Fiat Chrysler Automobiles plans to spin off its nearly century-old parts-making operation Magneti Marelli a move that is part of CEO Sergio Marchionne’s strategy to “purify” the Italian-American automaker’s focus on automotive manufacturing.
The spin-off will follow earlier divestitures of FCA’s truck and tractor operations, CNH Industrial, and supercar brand Ferrari.
“The (latest) separation will deliver value to FCA shareholders, while providing the operational flexibility necessary for Magneti Marelli’s strategic growth in the coming years,” Marchionne said in a statement. “The spin-off will also allow FCA to further focus on its core portfolio while at the same time improving its capital position.”
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Founded 99 years ago, Magneti Marelli has been the target of spin-off rumors almost since Fiat effectively took control of Chrysler after the U.S. automaker emerged from bankruptcy. Rumors have only accelerated over the last several years, Marchionne indicating he has wanted to focus on FCA’s core business.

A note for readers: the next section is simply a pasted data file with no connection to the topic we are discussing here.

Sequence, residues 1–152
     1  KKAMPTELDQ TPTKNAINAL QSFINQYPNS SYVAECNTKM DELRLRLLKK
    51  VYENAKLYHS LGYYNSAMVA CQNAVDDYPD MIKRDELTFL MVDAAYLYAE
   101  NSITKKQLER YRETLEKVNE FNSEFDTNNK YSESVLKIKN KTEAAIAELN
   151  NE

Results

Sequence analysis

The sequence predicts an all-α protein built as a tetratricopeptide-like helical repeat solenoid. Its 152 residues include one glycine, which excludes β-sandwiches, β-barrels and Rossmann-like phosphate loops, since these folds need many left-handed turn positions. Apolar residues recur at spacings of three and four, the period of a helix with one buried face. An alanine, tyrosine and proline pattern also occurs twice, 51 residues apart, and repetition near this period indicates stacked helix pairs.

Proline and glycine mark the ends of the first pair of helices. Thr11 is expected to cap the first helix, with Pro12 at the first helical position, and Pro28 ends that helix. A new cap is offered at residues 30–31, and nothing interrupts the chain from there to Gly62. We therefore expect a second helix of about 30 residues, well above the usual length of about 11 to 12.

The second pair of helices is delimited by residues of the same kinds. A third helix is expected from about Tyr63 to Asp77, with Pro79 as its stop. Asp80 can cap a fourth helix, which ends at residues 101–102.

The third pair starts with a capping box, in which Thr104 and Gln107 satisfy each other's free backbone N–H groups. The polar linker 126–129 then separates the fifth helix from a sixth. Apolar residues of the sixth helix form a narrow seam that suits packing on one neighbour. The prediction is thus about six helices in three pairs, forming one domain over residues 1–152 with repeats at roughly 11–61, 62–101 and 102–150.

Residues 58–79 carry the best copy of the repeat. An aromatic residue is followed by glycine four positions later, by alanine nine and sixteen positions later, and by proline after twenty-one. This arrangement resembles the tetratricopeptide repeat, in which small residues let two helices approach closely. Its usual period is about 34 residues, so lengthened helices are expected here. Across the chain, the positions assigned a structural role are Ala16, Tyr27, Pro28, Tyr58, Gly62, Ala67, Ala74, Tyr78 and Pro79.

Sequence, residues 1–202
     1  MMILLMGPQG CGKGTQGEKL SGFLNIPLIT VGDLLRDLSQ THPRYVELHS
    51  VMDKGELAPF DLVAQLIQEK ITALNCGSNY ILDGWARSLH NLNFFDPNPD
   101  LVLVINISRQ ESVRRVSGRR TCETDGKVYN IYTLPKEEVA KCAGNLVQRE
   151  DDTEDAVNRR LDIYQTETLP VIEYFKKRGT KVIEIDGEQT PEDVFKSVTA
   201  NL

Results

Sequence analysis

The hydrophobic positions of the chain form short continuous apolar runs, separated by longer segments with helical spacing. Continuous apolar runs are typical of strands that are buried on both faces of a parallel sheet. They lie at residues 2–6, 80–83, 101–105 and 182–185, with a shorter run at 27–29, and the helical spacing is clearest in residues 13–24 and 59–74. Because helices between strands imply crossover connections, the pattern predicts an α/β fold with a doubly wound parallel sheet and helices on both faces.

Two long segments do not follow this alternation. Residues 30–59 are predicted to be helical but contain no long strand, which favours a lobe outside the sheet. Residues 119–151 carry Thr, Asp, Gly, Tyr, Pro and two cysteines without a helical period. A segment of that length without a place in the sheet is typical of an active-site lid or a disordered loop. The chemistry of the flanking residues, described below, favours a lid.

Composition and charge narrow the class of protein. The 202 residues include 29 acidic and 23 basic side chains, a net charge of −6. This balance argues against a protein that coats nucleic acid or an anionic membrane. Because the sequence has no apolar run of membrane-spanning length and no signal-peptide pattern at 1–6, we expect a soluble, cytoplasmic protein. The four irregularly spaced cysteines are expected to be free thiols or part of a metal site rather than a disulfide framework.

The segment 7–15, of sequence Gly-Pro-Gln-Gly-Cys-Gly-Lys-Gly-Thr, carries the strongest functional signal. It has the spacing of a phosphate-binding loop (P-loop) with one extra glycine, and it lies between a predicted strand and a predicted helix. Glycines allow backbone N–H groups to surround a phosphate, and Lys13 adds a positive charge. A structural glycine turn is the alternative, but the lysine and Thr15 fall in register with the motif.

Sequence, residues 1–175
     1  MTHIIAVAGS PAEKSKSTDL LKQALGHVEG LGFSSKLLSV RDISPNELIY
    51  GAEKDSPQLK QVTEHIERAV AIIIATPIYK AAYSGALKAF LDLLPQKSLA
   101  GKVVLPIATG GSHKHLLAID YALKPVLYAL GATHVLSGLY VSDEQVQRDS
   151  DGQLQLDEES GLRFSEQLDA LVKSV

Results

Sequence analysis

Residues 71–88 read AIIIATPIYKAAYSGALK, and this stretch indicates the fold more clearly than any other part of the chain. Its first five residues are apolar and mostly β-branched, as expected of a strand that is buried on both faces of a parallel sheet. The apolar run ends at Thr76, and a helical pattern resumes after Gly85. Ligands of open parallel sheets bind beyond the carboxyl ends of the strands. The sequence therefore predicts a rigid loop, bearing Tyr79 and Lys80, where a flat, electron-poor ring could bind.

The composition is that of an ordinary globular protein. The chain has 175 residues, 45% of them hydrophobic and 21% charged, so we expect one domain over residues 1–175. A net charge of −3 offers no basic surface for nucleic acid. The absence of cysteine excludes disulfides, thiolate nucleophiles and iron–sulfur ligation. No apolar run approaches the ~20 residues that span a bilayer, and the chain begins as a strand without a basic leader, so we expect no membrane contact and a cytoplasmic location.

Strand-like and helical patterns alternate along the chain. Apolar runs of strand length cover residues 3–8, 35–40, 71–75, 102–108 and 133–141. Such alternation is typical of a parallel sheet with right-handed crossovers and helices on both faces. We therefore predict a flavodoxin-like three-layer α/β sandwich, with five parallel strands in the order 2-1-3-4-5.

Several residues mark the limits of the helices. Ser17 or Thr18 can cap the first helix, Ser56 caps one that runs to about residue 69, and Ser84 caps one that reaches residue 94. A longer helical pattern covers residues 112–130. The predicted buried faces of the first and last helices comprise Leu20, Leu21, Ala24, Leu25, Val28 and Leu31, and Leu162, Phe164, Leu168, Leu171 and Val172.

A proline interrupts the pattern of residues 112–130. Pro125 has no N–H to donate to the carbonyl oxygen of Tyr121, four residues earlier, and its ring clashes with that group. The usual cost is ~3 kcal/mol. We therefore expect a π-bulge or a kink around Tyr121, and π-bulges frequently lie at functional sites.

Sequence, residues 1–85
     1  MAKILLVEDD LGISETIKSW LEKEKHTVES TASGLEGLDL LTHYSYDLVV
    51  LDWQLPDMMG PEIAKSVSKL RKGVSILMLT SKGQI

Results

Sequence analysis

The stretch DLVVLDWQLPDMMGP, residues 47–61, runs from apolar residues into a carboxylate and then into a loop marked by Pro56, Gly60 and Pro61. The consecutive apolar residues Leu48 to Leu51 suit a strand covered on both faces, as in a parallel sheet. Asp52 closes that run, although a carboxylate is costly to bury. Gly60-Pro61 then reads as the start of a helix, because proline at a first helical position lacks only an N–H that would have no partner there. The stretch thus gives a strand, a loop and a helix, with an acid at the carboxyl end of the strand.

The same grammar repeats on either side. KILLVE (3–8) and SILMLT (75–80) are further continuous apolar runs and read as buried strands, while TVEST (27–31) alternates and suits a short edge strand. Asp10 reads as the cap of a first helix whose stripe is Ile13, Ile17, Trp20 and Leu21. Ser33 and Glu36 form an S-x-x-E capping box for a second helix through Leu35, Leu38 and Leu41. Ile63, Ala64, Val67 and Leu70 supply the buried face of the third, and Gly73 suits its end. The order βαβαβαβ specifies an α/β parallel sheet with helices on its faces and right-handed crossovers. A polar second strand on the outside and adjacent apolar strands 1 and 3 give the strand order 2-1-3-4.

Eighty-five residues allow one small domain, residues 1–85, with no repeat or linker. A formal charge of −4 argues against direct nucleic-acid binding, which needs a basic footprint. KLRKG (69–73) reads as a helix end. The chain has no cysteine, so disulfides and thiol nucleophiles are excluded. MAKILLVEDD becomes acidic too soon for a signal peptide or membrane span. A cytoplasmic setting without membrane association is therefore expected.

More details of the separation will be “communicated in June,” the CEO said in the statement, as “a key ingredient of the 2018-2022 Business Plan.” The carmaker is expected to hold an all-day session for journalists and analysts to detail its plans.
Shares of Magneti Marelli will be listed on the Milan stock exchange, according to FCA.
An earlier plan looked at the prospect of staging an initial public offering for the parts manufacturer. The money raised would have been used to reduce FCA’s debt, one of Marchionne’s top priorities. But reports indicate that approach was ultimately vetoed by the Agnelli family – Fiat’s founders and still its primary shareholders – because of the relatively low value investors have been placing on industrial operations.
There had also been talk of selling off the unit, and Reuters has reported that FCA was approached in 2016 by South Korea’s Samsung Electronics, but a deal failed to materialize. Bain Capital also expressed interest in some of the company’s operations, as did Tenneco and Italian brake manufacturer Brembo.
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The Bloomberg news service, meanwhile, last month estimated that Magneti Marelli could carry a valuation of around $5 billion, or $6.1 billion U.S.
Magneti Marelli was founded in 1919 as Fabbrica Italiana Magneti Marelli, and was a joint-venture between Fiat and Ercole Marelli, an Italian electrical manufacturing company. It initially produced magnetos for the aerospace and automotive industries.
Today, it operates 86 factories, 12 R&D centers and 26 application centers in 19 different countries with around 43,000 employees. Trade publication Automotive News ranks it as the world’s 28th-largest car parts suppliers with global sales of $8.2 billion in 2016.
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